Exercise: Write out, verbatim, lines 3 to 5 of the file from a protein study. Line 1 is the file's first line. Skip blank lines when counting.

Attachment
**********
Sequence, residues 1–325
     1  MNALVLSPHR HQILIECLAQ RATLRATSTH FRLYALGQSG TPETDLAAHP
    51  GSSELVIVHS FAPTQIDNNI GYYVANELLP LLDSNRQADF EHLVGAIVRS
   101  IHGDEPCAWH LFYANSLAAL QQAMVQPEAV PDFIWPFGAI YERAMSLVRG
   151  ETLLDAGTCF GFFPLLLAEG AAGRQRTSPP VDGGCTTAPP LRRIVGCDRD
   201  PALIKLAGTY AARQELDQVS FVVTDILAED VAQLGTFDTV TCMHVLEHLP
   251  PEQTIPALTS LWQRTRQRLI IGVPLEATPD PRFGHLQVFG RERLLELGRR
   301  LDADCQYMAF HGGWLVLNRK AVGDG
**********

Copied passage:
    51  GSSELVIVHS FAPTQIDNNI GYYVANELLP LLDSNRQADF EHLVGAIVRS
   101  IHGDEPCAWH LFYANSLAAL QQAMVQPEAV PDFIWPFGAI YERAMSLVRG
   151  ETLLDAGTCF GFFPLLLAEG AAGRQRTSPP VDGGCTTAPP LRRIVGCDRD